JEDDAH – Since its founding in the Kingdom in 2007, Injaz Saudi Arabia aspires to instill leadership and reinforce self-employment among Saudi youth. It is a non-profit organization which delivers educational programs on financial literacy, entrepreneurship and work readiness to Saudi youth between 11 and 18 years who will be the entrepreneurs, leaders and employees of the future.
This initiative aims at providing practical and leading programs to around 100,000 female and male students in the major cities of the Kingdom by 2018 - in collaboration with the business community, the Ministry of Education and the private sector - Nael Samir Faez, CEO of Injaz Arabia, told Saudi Gazette in an exclusive interview.
Excerpts of the interview follow:
Q: Could you give a brief of the mission and objectives of your program?
A: Our mission is to motivate the Saudi youth to be successful business owners and become international entrepreneurs by establishing the scientific vision of economic rules and principles. The company’s program is part of Injaz’s scheme which helps male and female secondary students in the Kingdom to understand the role of business in their community and giving them the required assistance, and directing the volunteers toward the local business community. We also provide the volunteers with the core economic concepts and fundamentals by organizing and operating some business and commercial projects. In our program, the student does not only receive instruction or learn only about the concepts , he also acquires the spirit of cooperation between team members, aside from learning how to distribute the tasks and estimate the scope of responsibility among members.
Q: How do you run such a program? In what form?
A: This program depends on the practical training of the participating students. In this program, we try to guide the students how to set up their own private companies – by teaching them how to generate capital through selling their shares. After that, they choose their preferred commodity company by distributing the profits among the shareholders.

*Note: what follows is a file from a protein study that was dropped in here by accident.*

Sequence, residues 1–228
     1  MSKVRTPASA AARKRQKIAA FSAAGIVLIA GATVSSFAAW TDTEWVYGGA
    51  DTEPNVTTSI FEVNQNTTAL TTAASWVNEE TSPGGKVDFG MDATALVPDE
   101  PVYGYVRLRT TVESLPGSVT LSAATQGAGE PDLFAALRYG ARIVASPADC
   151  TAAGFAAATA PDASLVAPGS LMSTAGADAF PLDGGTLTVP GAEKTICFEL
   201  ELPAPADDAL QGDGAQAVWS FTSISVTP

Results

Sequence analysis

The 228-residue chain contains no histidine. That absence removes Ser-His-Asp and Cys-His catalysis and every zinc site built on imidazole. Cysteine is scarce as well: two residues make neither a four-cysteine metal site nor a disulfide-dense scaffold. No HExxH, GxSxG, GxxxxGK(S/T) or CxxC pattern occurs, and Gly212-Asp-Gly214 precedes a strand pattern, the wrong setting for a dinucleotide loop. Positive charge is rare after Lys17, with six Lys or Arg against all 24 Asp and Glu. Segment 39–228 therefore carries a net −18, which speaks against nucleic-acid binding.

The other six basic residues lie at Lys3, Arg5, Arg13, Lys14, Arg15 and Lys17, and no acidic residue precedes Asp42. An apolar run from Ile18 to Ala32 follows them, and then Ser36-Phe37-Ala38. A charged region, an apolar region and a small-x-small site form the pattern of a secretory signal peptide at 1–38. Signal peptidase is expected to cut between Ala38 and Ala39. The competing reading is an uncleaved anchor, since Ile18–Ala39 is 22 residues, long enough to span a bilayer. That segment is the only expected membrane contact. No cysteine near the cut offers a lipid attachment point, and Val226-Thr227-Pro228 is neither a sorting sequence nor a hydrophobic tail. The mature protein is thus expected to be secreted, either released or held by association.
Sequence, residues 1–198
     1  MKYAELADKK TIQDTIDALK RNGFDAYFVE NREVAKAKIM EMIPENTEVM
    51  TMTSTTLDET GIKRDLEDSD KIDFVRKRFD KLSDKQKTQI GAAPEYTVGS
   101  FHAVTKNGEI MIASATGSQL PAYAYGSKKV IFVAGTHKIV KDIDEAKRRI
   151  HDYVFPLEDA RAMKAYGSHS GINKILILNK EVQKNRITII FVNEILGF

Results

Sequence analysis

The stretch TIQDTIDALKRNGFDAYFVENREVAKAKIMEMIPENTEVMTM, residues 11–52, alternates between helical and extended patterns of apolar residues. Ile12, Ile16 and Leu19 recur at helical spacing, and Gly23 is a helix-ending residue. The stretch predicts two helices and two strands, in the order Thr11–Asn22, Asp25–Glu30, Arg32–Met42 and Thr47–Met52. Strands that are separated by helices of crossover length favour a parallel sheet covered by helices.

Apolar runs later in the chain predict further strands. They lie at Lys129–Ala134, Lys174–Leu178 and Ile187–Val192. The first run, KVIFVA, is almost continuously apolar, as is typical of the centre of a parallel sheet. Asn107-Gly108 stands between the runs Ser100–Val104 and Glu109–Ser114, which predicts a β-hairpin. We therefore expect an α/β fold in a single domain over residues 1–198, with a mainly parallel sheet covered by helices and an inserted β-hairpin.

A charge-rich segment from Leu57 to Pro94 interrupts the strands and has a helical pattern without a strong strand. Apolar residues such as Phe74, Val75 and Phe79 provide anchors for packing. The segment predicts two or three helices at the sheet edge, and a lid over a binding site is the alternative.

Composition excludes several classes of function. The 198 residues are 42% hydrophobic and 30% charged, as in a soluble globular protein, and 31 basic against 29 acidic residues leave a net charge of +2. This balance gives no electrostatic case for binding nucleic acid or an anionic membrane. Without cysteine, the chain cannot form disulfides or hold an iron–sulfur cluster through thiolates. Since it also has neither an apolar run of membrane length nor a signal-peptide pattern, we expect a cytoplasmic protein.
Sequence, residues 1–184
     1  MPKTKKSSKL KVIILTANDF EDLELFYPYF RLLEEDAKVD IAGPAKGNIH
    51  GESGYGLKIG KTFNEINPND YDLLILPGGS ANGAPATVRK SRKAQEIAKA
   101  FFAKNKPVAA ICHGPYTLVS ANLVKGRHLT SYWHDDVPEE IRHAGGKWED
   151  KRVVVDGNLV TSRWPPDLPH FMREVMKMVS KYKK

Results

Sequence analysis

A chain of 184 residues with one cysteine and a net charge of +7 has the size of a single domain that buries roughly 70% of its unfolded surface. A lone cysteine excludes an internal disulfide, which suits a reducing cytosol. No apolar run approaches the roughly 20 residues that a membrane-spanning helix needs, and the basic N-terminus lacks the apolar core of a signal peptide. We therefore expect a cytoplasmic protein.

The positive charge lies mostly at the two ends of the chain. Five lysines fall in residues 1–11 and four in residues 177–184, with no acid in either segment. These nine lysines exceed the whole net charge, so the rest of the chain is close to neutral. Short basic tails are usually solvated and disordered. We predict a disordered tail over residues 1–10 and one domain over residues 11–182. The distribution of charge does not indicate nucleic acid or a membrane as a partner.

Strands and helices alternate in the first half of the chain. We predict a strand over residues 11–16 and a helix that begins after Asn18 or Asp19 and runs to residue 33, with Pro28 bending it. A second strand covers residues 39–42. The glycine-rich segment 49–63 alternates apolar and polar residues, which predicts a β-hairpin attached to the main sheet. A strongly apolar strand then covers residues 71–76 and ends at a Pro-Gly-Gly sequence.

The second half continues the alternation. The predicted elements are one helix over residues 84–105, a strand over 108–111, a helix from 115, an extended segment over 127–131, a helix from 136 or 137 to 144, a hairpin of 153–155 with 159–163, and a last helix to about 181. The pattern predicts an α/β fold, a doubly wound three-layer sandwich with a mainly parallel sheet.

Q: How many functions does the program contain? Do these functions target the secondary school students only?
A: We have around different 13 annual functions ranging from competitions, class activities and other practical trainings. We have organized a big competition for secondary school students earlier this year called “Fikra 2011” (Concept). Some 250 volunteers from different private and government sectors took part in this competition which was designed for students who want to make their own business. The first prize went to winners from 27 secondary schools - girls’ school - who have established a brand name called “Catalyst”. This brand name comprises a sea bag or club bag suitable for picnics and it can be smartly transformed into a towel and other needed amenities for sea excursions or gym session. Moreover most of the items of this bag are made of ecological materials.
The program now covers around 14,000 female and male students in schools and universities as well. The next Fikra competition will be allocated to university students.
Q: Do you think this kind of support should only be shouldered by the private sector? What do the governmental organizations like the Ministry of Education or Ministry of Higher Education do to support this initiative?
A: This very program was initially established in the US in 1919 by a non-profitable educational organization called Junior Achievement Worldwide which has been providing training platforms for students to launch businesses. Around 11 million beneficiaries have benefited from this program.
In many countries, such initiative was initiated first by private bodies and then the government support comes next after this program spread and became firmer. As Injaz Saudi Arabia has been here for around four years now, I think we expect more support from the governmental institutions. In Fikra 2001, we have received good backing from the Ministry of Education. However, the role of the government in such program can be more rewarding and more effective if the government sector adopt this initiative and support it in all educational levels.
Injaz Arabia started in Jordan in 2004 and has grown to include 14 different Arab states like Lebanon, Palestine, Egypt, Morocco, Bahrain, Kuwait, Qatar, Oman, Tunisia, Yemen, UAE, Algeria in addition to Saudi Arabia.